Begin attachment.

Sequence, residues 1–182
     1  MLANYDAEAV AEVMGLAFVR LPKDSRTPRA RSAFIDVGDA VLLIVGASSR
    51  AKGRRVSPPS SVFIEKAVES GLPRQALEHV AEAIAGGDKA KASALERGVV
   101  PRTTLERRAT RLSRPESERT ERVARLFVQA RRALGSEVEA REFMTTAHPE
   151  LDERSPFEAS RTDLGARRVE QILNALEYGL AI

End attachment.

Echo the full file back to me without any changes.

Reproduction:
Sequence, residues 1–182
     1  MLANYDAEAV AEVMGLAFVR LPKDSRTPRA RSAFIDVGDA VLLIVGASSR
    51  AKGRRVSPPS SVFIEKAVES GLPRQALEHV AEAIAGGDKA KASALERGVV
   101  PRTTLERRAT RLSRPESERT ERVARLFVQA RRALGSEVEA REFMTTAHPE
   151  LDERSPFEAS RTDLGARRVE QILNALEYGL AI